UPDATED: June 22, 2016
With just a guitarist and hardly a spare movement, Lanegan rolled through his set and kept the Brighton Music Hall completely captivated. STORY
Black Pistol Fire turns the Sinclair into a sweaty blues mecca
Kevin McKeown and Eric Owen wasted no time in making sure the otherwise friendly Cambridge crowd was jumping, screaming and moshing to their music.
Eagles of Death Metal work a rock and roll revival in Boston
Boots Electric worked the stage like a rock and roll preacher while Eagles of Death Metal tore through the House of Blues.
Pearl Jam sprints through a marathon at Madison Square Garden
Doing whatever they could to wear down the crowd, Pearl Jam burned through 35 songs in three hours in New York City's most famous arena.
Mac Sabbath's demented metal vision comes to Cambridge
Fusing elements from classic McDonald's ads and twisting them with the lore and sound of Black Sabbath leads to one of the most ridiculous and entertaining bands on the planet.
Rich Robinson gets a second shot at his debut Paper
Just starting to reach a new peak as a solo artist, Rich Robinson got a chance to upgrade his first album, thanks to Hurricane Sandy.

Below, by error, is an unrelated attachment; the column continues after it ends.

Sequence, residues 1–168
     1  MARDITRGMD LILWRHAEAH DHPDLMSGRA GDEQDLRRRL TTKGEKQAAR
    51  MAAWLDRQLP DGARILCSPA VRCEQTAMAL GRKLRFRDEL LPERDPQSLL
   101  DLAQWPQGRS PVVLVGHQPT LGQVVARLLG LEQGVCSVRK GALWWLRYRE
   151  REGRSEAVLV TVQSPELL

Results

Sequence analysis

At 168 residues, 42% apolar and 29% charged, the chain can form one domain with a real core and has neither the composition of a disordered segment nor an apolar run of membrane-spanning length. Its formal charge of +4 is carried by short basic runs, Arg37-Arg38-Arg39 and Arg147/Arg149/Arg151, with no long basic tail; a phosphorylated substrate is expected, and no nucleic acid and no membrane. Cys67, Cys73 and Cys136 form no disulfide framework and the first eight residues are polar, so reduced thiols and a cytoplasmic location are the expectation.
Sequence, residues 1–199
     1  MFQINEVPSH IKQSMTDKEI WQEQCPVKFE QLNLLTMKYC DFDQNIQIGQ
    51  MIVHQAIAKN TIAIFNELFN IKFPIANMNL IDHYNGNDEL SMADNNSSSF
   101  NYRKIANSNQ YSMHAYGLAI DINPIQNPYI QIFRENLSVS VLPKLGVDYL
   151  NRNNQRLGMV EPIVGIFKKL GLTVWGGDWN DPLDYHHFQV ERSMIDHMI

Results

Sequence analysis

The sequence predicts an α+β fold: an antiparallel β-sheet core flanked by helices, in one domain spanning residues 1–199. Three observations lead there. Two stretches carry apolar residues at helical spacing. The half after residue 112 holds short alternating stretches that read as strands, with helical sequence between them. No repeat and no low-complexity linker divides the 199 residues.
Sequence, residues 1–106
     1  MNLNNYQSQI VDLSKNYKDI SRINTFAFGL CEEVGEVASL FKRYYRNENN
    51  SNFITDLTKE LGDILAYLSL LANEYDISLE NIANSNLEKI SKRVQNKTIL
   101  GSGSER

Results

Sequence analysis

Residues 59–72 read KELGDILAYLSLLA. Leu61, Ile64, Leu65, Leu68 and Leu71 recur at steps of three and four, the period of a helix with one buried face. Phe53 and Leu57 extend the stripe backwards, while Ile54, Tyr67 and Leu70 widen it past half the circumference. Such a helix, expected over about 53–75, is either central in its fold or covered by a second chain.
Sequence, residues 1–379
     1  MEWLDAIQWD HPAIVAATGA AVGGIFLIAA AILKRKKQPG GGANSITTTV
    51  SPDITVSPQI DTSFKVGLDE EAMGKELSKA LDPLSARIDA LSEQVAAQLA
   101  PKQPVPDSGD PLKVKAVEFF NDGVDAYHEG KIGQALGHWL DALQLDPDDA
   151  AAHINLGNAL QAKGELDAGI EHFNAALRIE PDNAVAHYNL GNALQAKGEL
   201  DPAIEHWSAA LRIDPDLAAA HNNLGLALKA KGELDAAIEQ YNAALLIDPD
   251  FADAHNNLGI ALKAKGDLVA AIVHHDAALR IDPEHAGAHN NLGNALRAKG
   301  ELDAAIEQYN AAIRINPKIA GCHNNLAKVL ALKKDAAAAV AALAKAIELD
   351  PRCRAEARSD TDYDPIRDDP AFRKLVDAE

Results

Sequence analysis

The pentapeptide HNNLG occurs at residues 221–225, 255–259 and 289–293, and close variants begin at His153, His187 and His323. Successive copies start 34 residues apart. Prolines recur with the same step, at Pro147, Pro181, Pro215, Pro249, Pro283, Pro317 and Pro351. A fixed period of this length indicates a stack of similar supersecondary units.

You and I offers another glimpse into Jeff Buckley's brilliance
Early tapes of Jeff Buckley's first trip through a recording studio give listeners an opportunity to hear the singer as he was coming into his own.
Keith Richards is loose and in the groove on Crosseyed Heart
The Stones' guitarist explores all the facets of his sound on his third solo album.
Pete Townshend poured his frustration with life in the Who into Who Are You
In 1978, Pete Townshend was so fried that he channeled nearly an entire album into detailing the surreal life of being one of the Who. And it worked.
The never-ending grind of life, as illustrated by The Who By Numbers
Stuck at a crossroads in 1975, Pete Townshend and the Who took their frustrations out on an album that became one of the most human pieces in their catalog.
Extended excursions into Neil Young and 'Change Your Mind'
In between seemingly vague lyrics and verses, there's truth and mystery in Crazy Horse's long guitar passages.